In February 2019, U.S. President Donald Trump and North Korean Chairman Kim Jong-un met in Hanoi, Vietnam for a summit addressing the issue of North Korean nuclear capability. The summit ended abruptly without an agreement, as Trump demanded a guarantee against nuclear and missile tests, while Kim demanded a lifting of all sanctions. Some experts greeted this news with assertions that the Hanoi summit was doomed from the start as North Korea never intended to denuclearize, calling that moment “the Hanoi Holdup.” However, it might be more appropriate to say that the Hanoi Summit was never intended to achieve an outcome in which Pyongyang gives up on its nuclear arsenal. Instead, the Hanoi Summit should be viewed as part of a long forthcoming diplomatic process of confidence-building measures and de-escalation.

Within the framework of this process, the U.S. would increase its diplomatic leeway in Northeast Asia with both North Korea and its main power backer China, as the strategic environment will be less conflict-prone. More importantly, a North Korea behaving more peacefully, even without giving up on its nuclear weapons, could experience a gradual lifting of sanctions, opening itself to outside capital that would also pave the way for the regime’s gradual liberalization.

Despite the formal diplomatic rhetoric that states that the denuclearization of the Korean Peninsula is the primary goal of talks between the U.S. and North Korea, this is not a realistic prospect. Namely, any talks that are defined as denuclearization talks will inevitably be considered a failure, as there is virtually no hope that Pyongyang will give up on its nuclear weapons. The main reason for this is that nuclear weapons remain the best deterrent against foreign intervention and regime change. For Kim Jong-un and North Korea, nuclear weapons guarantee regime survival, particularly in light of the Iraqi and Libyan experiences and after viewing how Trump undermined the international nuclear agreement with Iran. Moreover, for North Korea, nuclear weapons are an important leverage and bargaining chip in any diplomatic talks with the U.S. and South Korea. Further, nuclear weapons are a perfect instrument for the regime in Pyongyang to prop up its domestic support.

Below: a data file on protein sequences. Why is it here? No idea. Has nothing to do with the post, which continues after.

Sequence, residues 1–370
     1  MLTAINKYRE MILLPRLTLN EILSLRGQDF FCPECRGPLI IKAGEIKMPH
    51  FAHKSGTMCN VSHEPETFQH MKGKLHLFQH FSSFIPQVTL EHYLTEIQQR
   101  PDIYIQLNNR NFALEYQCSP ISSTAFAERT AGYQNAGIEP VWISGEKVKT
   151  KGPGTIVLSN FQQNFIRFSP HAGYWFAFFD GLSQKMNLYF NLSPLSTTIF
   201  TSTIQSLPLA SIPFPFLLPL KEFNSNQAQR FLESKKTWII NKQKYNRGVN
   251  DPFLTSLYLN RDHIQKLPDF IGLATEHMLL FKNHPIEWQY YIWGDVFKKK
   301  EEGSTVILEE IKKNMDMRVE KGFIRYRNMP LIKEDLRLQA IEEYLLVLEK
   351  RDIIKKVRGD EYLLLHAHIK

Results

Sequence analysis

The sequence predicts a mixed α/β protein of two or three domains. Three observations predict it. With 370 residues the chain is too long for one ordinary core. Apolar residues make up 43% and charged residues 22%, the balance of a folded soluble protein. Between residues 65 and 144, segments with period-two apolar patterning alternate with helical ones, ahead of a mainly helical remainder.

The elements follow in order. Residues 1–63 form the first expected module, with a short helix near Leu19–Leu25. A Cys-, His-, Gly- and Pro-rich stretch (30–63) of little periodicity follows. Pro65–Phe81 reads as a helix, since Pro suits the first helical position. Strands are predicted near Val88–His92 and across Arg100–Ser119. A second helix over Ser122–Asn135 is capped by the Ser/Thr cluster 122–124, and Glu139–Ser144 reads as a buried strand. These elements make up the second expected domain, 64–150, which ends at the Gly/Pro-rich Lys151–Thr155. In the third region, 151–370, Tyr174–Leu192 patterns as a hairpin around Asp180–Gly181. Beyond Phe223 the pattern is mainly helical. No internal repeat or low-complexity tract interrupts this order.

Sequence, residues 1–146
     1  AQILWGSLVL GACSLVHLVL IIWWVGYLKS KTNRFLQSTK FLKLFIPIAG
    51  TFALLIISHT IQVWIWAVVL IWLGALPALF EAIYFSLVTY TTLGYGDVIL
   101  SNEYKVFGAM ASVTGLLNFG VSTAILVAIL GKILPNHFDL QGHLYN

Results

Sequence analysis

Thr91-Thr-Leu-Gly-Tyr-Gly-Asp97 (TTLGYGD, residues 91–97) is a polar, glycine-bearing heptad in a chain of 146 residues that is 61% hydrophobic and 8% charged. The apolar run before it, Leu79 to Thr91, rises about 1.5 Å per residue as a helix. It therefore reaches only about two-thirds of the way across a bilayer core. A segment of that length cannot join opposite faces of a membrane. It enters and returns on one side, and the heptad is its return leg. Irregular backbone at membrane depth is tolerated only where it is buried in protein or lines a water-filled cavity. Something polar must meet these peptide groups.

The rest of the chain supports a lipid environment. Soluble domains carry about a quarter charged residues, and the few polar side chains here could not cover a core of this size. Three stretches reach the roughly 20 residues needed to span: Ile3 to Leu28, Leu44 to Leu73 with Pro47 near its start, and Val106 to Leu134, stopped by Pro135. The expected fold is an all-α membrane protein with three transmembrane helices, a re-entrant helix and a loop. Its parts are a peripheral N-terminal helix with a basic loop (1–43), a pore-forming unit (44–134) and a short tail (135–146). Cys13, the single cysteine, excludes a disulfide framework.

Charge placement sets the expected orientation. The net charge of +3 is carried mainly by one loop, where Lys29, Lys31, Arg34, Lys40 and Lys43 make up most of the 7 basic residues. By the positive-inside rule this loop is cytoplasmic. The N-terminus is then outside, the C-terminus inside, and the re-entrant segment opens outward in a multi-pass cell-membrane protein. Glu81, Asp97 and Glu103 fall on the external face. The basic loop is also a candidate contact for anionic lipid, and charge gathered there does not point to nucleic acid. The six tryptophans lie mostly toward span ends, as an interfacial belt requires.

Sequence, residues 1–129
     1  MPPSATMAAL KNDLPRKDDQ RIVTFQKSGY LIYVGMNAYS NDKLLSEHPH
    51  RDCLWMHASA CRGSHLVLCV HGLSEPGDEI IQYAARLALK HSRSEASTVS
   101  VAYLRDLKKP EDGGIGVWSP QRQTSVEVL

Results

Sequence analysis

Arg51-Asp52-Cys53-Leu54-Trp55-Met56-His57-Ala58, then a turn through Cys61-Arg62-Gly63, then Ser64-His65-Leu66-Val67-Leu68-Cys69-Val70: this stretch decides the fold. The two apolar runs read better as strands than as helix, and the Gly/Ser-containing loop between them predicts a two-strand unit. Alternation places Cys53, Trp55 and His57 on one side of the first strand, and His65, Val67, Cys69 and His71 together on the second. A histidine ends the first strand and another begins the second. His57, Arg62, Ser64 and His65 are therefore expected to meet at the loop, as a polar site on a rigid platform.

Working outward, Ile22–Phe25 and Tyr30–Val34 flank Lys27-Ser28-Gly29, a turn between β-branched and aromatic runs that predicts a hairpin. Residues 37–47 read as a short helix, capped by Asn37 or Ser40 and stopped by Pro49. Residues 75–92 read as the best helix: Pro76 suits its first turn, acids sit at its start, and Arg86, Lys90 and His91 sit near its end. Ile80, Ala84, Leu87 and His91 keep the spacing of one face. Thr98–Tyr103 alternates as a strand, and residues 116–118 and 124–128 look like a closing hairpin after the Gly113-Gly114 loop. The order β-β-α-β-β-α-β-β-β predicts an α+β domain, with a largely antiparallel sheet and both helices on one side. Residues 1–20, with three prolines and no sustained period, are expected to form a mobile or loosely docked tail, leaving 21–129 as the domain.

Any analysis that takes into account the denuclearization of the Korean Peninsula must consider the ongoing negotiating process as a failing endeavor, given that Pyongyang is not giving up on its nuclear weapons. Instead, the Hanoi Summit needs to be perceived as a part of a wider diplomatic continuum in which North Korea does not give up nuclear weapons; rather, tensions are relieved through diplomatic engagement and a more benevolent strategic environment is being built. No one should expect this task to be easy.  Indeed, North Korea pulled its officer from a liaison office with South Korea on the same day President Trump rescinded a new round of sanctions that the U.S. Treasury imposed on Pyongyang. That move is troublesome but, compared to the nuclear tests by North Korea, it is meager. 

Historically, China used to be Pyongyang’s main and only great power protector. However, Beijing can live with a Pyongyang that is doing business with Washington, as long as the U.S. does not try to roll back Chinese influence from the country and does not try to absorb Pyongyang into its alliance system.  A Pyongyang that does not threaten Washington is good news for Beijing, which wants strategic stability in Northeast Asia. A Pyongyang that engages with the U.S. might be more willing to embrace a policy of an occasional balancing act between Washington and Beijing, without entering into a full-fledged alliance with the U.S. While Pyongyang will never close the Beijing door for itself, having a North Korea willing to do power bargaining with the U.S. would still improve Washington’s place for maneuvering as the inter-state patterns in the region would be less conflict-prone.